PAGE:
He adopted the coat of arms of the Ruspoli, which was particularly fit for Vignanello, as it showed a grape cluster. He acquired the title of prince, but not with reference to Vignanello, but to Cerveteri, another fiefdom of the family near Palo. He was a protector of arts and he was very fond of music. George Frideric Handel dedicated some of his works to him and his Salve Regina (HWV 241) was first performed at Vignanello.
The Ruspoli bought one of the largest Roman palaces along Via del Corso. Marriages with some of the oldest Roman families improved their status in the papal aristocracy. In 1816 they gave up their feudal rights on Vignanello in the frame of reforms implemented by Pope Pius VII, but they retained their possessions there. Castello Ruspoli still belongs to two Ruspoli princesses who open it on Sundays and house weddings, conferences and special events.
Vallerano is situated less than two miles west of Vignanello and on a similar ridge. A closer view of the town can be seen in the icon of this section. The first records mentioning Vallerano are dated XIIth century. Similar to Corchiano it became a fiefdom of the Farnese in the XVIth century.
The monuments of Vallerano are not limited to the period of the Farnese rule which lasted until 1649, but the main ones were commissioned by them. The large round tower of medieval origin which protected Vallerano (and which today houses the Town Hall), was redesigned during the Farnese rule. Because of their support to the Imperial/Spanish cause Dukes Ottavio, Alessandro and Ranuccio Farnese were all made Knights of the Order of the Golden Fleece, the highest chivalry order of the Empire.
In recognition of the Farnese contribution to the development of the town the modern coat of arms of Vallerano is a fleur-de-lys.
Modern Vallerano developed along the road leading to Vignanello and today one would not notice a separation between the two towns if not for Porta del Molesino. Old Vallerano consists of three short parallel streets and continues to be accessed via its two historical gates.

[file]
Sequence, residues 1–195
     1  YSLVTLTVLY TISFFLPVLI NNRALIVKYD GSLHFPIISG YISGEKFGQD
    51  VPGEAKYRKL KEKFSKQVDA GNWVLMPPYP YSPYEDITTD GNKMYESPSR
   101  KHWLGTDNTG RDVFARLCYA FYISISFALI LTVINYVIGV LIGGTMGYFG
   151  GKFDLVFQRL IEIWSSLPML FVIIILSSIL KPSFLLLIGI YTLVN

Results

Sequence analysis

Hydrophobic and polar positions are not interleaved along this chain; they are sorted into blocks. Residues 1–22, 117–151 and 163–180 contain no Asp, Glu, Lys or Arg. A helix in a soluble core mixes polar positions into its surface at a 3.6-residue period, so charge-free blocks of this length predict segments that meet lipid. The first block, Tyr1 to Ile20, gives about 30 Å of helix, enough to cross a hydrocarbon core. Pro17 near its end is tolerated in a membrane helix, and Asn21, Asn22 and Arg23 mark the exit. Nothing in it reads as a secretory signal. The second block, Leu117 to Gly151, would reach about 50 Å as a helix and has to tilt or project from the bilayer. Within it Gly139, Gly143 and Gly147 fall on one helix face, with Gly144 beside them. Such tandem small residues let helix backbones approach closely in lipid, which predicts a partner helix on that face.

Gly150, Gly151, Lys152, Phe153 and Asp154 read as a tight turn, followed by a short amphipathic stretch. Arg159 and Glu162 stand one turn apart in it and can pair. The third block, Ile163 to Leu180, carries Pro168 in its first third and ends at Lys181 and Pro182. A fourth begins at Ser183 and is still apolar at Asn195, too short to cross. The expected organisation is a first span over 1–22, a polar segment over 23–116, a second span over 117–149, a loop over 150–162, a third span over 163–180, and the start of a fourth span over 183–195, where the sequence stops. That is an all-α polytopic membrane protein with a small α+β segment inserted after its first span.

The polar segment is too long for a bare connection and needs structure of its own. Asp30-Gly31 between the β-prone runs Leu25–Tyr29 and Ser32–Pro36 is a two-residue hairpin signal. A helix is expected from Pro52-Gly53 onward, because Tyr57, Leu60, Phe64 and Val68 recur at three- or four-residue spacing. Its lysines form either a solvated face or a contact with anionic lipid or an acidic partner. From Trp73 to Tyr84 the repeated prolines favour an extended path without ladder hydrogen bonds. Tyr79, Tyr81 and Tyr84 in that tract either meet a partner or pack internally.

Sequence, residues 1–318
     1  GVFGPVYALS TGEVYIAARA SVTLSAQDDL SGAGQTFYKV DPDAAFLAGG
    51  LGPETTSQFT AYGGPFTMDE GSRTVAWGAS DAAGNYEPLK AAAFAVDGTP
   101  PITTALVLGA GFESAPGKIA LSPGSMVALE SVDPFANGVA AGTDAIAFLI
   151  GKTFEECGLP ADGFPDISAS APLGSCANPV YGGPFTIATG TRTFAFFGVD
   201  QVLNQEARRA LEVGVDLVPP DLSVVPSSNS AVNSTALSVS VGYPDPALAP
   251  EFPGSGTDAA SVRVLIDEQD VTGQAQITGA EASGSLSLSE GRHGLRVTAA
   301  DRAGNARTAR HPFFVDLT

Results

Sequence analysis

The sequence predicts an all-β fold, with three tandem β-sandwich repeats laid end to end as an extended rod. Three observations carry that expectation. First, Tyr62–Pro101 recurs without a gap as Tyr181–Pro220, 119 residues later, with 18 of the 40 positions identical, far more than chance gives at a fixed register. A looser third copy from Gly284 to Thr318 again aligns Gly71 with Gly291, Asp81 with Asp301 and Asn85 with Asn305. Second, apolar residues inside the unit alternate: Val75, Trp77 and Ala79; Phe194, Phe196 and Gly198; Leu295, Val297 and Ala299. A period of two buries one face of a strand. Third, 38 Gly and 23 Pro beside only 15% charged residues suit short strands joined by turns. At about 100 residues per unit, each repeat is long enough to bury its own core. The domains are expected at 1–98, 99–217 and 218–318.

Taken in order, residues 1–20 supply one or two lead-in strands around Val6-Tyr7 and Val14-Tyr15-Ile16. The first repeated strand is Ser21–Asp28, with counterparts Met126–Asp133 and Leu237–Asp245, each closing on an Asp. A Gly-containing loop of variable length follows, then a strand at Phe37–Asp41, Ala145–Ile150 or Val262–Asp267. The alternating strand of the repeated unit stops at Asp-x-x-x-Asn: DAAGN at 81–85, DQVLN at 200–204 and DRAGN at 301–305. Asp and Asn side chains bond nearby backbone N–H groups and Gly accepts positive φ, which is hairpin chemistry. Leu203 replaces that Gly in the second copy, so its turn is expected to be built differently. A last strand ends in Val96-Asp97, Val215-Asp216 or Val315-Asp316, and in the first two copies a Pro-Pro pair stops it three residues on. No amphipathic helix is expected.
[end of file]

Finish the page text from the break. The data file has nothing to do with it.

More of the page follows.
Madonna del Ruscello (ruscello = brook) is the monument of Vallerano which best shows the patronage of the Farnese. In 1604 a painter who had been asked to restore a small image of the Virgin Mary in a chapel near a brook, noticed that blood flew from the lips and alerted the priest of the parish church. Pilgrimages were organized to see the image and a special indulgence was granted to pilgrims. The Farnese financed the construction of a church to house the image which continued to attract crowds so that shops were built to the sides of the street leading to it.
According to tradition Madonna del Ruscello was built on the basis of drawings made for other churches by Vignola, an architect who worked for Cardinal Alessandro Farnese at Caprarola.
Very often large XVIIth or XVIIIth century churches built in provincial towns of Latium do not have an appropriately decorated interior. This is not the case at Madonna del Ruscello because the Farnese ensured the church had altars and chapels up to the standard of the richest churches of Rome.
Around Monte Cimino - other pages:
Caprarola, Carbognano and Fabrica
Soriano al Cimino
Latium was enlarged in the 1920s with territories from the neighbouring regions: the map on the left shows the current borders of Latium; the map on the right has links to pages covering towns of historical Latium: in order to see them you must hover and click on the dots.